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82 Umetani, Foreign Employees, p. 25; Presseisen, Before Aggression, p. 3.

83 Robert Morton (ed.), Private Correspondence between Sir Harry Parkes and Edmund Hammond, 1865–1868 (Abingdon: Routledge, 2018), p. 13; Daniels, ‘British role’, p. 298.

84 Jaundrill, Samurai to Soldier, p. 58.

85 Satow, Diplomat in Japan, pp. 158–9.

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90 Sims, French Policy, p. 53.

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102 Morton (ed.), Private Correspondence, p. 70.

103 Ibid., p. 88; Sims, French Policy, pp. 62–3.

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105 Ibid., pp. 13–14; p. 73.

106 Lehmann, ‘Léon Roches’, p. 289.

107 Sims, French Policy, pp. 49–50.

108 Lehmann, ‘Léon Roches’, pp. 294–300.

109 Sims, French Policy, p. 66.

110 Satow, Diplomat in Japan, p. 231.

111 Morton (ed.), Private Correspondence, p. 62, p. 71.

112 Lehmann, ‘Léon Roches’, p. 299.

113 Ibid., p. 292; Sims, French Policy, pp. 70–1.

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115 Sims, French Policy, p. 71.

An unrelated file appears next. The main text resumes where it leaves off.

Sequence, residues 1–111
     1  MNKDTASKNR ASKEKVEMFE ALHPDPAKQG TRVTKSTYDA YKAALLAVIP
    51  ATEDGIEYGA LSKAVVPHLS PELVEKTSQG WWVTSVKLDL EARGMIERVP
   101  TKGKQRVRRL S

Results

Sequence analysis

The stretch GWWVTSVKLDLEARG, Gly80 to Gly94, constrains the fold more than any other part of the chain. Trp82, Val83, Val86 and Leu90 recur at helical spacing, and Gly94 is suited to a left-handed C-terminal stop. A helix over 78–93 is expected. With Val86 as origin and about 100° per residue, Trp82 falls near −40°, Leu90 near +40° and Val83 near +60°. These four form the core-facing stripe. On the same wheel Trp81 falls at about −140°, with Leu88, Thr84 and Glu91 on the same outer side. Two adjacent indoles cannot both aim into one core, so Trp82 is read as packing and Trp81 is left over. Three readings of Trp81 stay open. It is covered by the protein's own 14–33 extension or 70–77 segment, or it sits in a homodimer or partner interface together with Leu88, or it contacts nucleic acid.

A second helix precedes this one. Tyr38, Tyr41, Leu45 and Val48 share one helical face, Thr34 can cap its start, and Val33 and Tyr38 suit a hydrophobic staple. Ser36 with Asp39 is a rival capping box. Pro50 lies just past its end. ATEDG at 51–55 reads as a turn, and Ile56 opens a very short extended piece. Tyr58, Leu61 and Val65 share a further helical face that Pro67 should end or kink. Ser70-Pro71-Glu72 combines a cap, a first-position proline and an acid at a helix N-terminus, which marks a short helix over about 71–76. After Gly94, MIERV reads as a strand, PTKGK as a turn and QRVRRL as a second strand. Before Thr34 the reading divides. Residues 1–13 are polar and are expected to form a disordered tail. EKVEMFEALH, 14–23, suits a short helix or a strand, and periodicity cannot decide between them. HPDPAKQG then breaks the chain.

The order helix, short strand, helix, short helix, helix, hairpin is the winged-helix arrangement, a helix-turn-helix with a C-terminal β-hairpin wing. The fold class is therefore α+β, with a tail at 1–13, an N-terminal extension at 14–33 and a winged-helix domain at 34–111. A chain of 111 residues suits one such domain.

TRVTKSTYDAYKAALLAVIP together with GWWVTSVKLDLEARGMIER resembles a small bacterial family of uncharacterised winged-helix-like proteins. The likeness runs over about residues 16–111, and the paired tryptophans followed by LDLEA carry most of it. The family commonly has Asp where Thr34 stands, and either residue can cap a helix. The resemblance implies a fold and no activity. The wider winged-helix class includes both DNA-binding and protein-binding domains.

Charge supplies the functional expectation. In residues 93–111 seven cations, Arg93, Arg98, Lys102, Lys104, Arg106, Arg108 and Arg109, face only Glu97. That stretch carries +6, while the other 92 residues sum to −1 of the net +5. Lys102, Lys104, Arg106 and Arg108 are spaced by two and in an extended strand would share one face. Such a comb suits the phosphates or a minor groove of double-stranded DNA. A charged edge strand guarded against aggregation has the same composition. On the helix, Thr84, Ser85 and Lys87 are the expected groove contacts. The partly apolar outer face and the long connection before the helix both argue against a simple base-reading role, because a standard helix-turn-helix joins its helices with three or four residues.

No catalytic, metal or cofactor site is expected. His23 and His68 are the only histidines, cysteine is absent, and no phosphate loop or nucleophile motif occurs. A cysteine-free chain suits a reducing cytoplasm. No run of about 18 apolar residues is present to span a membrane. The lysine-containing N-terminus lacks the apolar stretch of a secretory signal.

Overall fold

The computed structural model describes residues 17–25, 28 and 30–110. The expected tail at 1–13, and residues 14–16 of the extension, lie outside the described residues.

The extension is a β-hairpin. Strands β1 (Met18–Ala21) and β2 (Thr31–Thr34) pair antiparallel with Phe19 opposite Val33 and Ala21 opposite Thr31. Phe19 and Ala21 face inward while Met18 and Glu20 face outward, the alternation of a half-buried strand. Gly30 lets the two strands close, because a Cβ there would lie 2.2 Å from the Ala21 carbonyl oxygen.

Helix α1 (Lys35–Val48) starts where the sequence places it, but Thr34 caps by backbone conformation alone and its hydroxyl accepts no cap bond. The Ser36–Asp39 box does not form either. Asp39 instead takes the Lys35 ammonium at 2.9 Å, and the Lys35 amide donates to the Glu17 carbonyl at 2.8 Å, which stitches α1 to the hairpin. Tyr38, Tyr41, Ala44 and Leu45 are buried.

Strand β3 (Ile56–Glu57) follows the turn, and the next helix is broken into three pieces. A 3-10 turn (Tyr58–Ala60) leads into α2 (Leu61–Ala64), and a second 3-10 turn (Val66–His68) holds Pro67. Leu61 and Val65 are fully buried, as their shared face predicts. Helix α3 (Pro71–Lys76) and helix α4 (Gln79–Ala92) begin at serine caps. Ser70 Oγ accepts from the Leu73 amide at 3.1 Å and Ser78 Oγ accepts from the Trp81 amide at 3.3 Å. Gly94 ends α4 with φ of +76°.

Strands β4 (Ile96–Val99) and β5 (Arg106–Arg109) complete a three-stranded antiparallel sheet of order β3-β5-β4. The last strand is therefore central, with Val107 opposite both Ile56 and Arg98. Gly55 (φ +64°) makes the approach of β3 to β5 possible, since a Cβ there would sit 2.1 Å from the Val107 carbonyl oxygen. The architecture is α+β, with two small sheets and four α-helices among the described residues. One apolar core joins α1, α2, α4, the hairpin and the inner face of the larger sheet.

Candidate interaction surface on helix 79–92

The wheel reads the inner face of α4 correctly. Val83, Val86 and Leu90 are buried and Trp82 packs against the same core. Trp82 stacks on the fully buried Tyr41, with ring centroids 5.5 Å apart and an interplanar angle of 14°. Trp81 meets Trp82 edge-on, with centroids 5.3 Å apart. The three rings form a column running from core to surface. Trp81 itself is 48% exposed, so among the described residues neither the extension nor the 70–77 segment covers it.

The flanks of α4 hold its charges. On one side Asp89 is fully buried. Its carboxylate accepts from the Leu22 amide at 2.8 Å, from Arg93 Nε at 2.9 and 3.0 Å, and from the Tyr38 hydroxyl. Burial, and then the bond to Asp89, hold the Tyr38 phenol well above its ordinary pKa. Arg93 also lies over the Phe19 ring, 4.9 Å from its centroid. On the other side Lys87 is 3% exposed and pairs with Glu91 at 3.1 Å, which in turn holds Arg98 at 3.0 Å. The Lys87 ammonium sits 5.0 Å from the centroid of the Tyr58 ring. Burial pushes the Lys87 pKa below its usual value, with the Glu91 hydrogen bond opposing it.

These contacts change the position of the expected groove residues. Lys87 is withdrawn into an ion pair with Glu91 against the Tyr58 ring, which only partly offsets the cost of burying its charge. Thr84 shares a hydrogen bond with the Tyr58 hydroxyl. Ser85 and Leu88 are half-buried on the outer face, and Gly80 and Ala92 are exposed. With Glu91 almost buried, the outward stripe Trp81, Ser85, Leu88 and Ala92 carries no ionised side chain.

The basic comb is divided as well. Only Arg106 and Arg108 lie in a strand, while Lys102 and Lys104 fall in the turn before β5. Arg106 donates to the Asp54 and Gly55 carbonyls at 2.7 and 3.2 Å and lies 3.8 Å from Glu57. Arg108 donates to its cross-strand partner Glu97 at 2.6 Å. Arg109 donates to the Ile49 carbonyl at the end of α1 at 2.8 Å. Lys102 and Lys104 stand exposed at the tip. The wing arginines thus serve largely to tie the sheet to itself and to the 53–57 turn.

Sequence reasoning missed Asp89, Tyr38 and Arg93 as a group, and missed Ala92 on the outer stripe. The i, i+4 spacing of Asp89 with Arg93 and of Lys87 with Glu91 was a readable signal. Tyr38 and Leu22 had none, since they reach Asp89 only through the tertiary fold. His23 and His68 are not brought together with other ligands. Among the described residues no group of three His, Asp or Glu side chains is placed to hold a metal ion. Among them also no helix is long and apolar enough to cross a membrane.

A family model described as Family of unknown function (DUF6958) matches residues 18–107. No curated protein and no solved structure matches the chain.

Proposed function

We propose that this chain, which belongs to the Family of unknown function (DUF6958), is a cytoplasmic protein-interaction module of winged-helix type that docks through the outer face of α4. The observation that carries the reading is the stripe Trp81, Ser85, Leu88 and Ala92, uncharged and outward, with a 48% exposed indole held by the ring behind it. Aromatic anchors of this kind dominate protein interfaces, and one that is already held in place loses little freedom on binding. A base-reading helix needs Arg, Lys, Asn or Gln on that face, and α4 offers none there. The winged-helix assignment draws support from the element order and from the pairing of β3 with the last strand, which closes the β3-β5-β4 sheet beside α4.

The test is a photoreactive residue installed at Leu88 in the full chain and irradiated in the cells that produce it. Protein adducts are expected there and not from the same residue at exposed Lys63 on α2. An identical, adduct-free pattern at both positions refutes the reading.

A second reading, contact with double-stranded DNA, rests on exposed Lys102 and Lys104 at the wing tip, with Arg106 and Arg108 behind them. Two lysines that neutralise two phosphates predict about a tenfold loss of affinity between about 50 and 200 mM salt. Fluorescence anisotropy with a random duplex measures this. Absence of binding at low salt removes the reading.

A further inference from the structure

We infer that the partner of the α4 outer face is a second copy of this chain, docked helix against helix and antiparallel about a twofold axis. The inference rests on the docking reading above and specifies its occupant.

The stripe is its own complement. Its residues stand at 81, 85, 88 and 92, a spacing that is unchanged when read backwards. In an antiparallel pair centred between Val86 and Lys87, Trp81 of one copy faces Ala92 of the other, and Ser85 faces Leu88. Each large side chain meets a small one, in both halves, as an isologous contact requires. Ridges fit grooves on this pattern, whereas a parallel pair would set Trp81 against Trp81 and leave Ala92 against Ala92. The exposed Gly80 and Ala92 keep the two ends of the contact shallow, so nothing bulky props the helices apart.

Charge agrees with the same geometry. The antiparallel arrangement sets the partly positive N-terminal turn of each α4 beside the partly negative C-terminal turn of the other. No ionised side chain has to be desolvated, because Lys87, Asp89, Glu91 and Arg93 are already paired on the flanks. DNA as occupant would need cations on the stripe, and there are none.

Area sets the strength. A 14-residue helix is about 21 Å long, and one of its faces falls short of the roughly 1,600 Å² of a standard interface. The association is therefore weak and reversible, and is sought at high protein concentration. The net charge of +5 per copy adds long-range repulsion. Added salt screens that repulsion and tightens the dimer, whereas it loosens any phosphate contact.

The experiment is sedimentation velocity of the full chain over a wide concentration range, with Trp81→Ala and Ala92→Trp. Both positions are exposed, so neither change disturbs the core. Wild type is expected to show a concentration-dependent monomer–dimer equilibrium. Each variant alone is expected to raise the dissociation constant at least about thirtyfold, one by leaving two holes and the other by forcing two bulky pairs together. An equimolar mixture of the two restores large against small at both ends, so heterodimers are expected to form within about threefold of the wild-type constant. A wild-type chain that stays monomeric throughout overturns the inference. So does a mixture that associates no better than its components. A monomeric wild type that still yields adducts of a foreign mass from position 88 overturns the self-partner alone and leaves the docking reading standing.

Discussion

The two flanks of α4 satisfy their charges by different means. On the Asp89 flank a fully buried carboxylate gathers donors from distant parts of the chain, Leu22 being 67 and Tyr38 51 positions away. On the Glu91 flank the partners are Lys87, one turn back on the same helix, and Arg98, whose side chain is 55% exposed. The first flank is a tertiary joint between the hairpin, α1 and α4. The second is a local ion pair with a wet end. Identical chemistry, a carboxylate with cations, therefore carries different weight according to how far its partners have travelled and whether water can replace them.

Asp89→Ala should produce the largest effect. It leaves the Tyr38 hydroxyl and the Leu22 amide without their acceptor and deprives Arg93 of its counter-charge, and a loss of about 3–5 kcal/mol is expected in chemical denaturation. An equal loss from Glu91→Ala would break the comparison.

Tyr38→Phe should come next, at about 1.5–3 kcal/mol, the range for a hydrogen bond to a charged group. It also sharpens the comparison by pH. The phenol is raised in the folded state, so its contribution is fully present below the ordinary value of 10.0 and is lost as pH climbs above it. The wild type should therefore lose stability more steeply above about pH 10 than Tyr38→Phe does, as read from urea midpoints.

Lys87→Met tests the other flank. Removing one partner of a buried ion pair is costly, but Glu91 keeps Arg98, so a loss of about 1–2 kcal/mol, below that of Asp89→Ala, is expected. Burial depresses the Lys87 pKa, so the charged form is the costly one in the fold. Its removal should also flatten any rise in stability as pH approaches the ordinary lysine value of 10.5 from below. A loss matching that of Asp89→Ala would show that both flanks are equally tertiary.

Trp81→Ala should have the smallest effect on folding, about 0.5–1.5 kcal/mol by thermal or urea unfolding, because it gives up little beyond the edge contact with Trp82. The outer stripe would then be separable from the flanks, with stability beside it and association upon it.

116 Lehmann, ‘Léon Roches’, p. 303.

117 Daniels, ‘British role’, pp. 293, 304–05, 313.

118 Satow, Diplomat in Japan, pp. 299–300.

119 Cortazzi, Dr Willis, pp. 74, 77.

120 Daniels, ‘British role’, pp. 301–02.

121 Satow, Diplomat in Japan, pp. 253–5; Morton (ed.), Private Correspondence, pp. 9–12.

122 Cortazzi, Dr Willis, p. 76.

123 Morton (ed.), Private Correspondence, pp. 80, 123.

124 Satow, Diplomat in Japan, p. 173.

125 Sims, French Policy, pp. 78–9.

126 Ibid., p. 80.

127 Ibid., p. 81.

128 Ibid., pp. 81–2.

129 Auslin, Negotiating with Imperialism, pp. 156–7.

130 Satow, Diplomat in Japan, p. 320.

131 Auslin, Negotiating with Imperialism, pp. 149–52.

132 Tomoko, ‘Meiji diplomacy’, p. 6.

133 Auslin, Negotiating with Imperialism, pp. 154–62.

134 Presseisen, Before Aggression, pp. 15–18.

135 Morton (ed.), Private Correspondence, p. 168; Auslin, Negotiating with Imperialism, pp. 150–1.

136 Jones, H., Live Machines: Hired Foreigners and Meiji Japan (Vancouver, University of British Colombia Press, 1980), p. 30Google Scholar; Morton (ed.), Private Correspondence, pp. 157–8.

137 Morton (ed.), Private Correspondence, pp. 155–8.

138 Satow, Diplomat in Japan, p. 326.

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140 Drea, Japan's Imperial Army, pp. 23–4.

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142 Sims, French Policy, pp. 88–9.